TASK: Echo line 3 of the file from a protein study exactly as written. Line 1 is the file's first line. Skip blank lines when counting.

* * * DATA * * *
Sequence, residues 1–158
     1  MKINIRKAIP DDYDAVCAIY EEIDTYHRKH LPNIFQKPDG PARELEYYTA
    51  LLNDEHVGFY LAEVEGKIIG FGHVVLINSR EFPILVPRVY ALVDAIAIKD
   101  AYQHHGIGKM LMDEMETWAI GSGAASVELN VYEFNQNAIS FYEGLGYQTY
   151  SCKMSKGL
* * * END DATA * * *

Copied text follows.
    51  LLNDEHVGFY LAEVEGKIIG FGHVVLINSR EFPILVPRVY ALVDAIAIKD